AEC Wall Objects
In AutoCAD® Architecture, a wall is an AEC object that represents the real-world features of an interior or exterior wall. The wall object contains all the geometry needed to represent a wall in 2-dimensional (2D) and 3-dimensional (3D) views. Walls are the basic components of any building plan. You can create very simple wall types that rely on standard settings and add them on the fly. A wall has one or more components, which are the materials used to construct the wall. Some components include brick, CMU, concrete, studs, air gaps, and insulation. The components of walls can also have modifiers, which change the shape of the component or its surface.
Wall styles control the appearance of wall objects. With wall styles, you can specify components, endcaps, materials, and other characteristics to create new types of walls, such as concrete walls, masonry walls, and brick cavity walls (see Figure 1). Catalogs provided with AutoCAD Architecture include sample wall styles for common wall types, such as concrete walls with footings or furring, CMU and brick cavity walls, and various stud partition walls. You can also work with casework wall styles that include counters, base units, and upper units.
When you add a wall to a drawing, you select a wall tool and then specify the points that define each wall segment. A wall can have both straight and curved segments. Wall direction is significant for some modifications to walls. Sample wall styles provided with AutoCAD Architecture were created with the intent that you place perimeter walls in clockwise fashion. After placing a wall, you can determine the wall direction by selecting the wall. The wall direction grip indicates the wall direction.
You can also reverse the direction of a wall. When you add doors, windows, door/window assemblies, and openings to a wall, the wall automatically adjusts to accommodate the object and adds endcaps where needed. By default, these objects are anchored to the wall and remain with the wall if you move it. If you remove an object from a wall, the wall repairs itself in the space where the object was located.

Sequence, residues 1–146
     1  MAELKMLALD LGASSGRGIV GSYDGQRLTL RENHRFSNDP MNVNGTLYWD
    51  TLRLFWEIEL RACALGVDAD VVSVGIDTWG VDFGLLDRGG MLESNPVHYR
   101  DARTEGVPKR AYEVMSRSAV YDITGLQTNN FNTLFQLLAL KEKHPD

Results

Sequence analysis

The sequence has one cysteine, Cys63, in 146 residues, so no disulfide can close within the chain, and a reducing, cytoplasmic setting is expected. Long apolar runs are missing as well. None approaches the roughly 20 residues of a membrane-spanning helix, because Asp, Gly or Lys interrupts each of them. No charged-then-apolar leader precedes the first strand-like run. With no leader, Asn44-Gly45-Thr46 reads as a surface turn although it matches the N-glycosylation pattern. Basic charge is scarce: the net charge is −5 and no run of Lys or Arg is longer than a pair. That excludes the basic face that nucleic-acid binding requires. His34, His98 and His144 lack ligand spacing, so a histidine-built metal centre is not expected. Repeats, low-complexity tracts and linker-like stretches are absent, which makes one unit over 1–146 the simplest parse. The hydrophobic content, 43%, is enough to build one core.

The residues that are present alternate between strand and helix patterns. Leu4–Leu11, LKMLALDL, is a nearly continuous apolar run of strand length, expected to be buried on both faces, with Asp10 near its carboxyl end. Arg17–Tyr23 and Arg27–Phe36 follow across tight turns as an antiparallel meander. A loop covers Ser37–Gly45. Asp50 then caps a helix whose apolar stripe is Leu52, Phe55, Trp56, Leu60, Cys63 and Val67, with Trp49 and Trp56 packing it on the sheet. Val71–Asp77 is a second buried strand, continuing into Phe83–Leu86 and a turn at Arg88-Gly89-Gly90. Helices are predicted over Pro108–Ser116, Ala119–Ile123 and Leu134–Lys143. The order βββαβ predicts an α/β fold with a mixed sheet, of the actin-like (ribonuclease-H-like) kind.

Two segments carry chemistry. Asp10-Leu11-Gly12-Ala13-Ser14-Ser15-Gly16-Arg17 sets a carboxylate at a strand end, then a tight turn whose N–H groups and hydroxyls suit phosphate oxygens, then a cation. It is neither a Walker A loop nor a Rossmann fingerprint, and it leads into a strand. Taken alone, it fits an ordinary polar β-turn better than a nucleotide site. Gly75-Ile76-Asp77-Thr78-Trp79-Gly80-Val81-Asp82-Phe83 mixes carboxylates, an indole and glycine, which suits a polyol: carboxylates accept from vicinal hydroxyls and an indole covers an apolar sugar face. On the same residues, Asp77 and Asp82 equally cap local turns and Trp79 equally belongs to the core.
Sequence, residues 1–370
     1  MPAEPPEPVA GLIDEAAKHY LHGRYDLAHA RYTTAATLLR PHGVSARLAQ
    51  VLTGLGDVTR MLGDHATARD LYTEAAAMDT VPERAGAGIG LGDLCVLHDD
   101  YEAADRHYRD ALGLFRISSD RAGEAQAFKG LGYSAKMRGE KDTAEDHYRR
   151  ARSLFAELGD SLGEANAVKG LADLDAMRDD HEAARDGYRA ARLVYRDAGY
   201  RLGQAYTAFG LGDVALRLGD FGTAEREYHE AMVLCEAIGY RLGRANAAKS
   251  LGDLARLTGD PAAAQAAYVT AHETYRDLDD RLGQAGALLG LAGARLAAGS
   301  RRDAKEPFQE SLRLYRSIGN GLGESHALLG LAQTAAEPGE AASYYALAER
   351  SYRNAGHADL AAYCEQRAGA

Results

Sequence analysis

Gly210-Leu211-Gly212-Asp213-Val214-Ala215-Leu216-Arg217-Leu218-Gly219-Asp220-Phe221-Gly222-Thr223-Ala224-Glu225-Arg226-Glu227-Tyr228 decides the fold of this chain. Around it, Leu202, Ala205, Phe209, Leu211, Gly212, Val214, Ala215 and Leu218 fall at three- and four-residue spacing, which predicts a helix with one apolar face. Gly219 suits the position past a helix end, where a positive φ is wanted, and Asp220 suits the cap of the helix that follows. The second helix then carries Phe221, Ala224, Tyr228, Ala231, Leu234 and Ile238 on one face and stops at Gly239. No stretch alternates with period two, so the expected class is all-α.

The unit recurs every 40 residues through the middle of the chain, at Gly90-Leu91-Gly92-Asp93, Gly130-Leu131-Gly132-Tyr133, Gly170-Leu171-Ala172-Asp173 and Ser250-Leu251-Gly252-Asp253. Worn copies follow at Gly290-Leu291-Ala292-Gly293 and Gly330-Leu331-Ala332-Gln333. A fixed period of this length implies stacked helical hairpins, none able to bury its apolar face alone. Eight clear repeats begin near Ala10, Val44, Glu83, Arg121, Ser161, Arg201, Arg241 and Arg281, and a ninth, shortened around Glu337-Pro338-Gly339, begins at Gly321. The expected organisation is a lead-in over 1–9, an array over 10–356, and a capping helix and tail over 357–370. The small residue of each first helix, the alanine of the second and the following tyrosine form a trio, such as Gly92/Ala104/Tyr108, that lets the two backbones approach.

Figure 1: Style Manager
Many characteristics of a wall are determined by the wall style. You can create simple wall styles that have a more symbolic display, or you can create detailed walls styles with a representational display, containing many elements the real wall will have. These settings are defined in the wall style:
- Property Set data – if you want to tag a wall in a drawing or include it in a schedule table, you need to attach property set data to the wall or the wall style. Property data attached to a wall style typically contains automatic properties, like the wall height or the wall width, or manual properties that are identical for all walls of that style, such as the fire rating, for example.
- Wall Components – in a wall style, you can define wall components.
- Materials – in a wall style, you can define materials for the 2D and 3D display of walls, as well as for the rendering display of the wall. You assign materials to the wall components in the style. The components are then displayed using the display properties of the assigned materials. AutoCAD Architecture provides a large number of predefined materials for common design purposes. You can use these materials, modify them for your project requirements, and define new materials. To use a material in a wall style, it needs to be defined first in Style Manager.
- Specifying Wall Display – the visual appearance of a wall is defined in the wall style. Define the layer, color, linetype settings of the individual wall components, hatching, and the cut plane display of the wall in plan views. The display settings defined in the wall style can be overridden for an individual wall.
- Specifying Default Wall Settings – access the Options dialog box and specify the defaults for dimensioning walls and for wall cleanup. The cleanup settings apply only to new walls.
- Using Wall Tools – tools provided with AutoCAD Architecture let you quickly place walls by selecting a wall tool with a specific wall style and other predefined properties (see Figure 2). You can also use wall tools to convert linework to walls and to apply the settings of a wall tool to existing walls. You can also access Stock Tool, Sample palette, and Design Tool catalogs. When you place walls using wall tools, you can use the default settings of the tool or you can change settings for any wall properties that are not controlled by the style.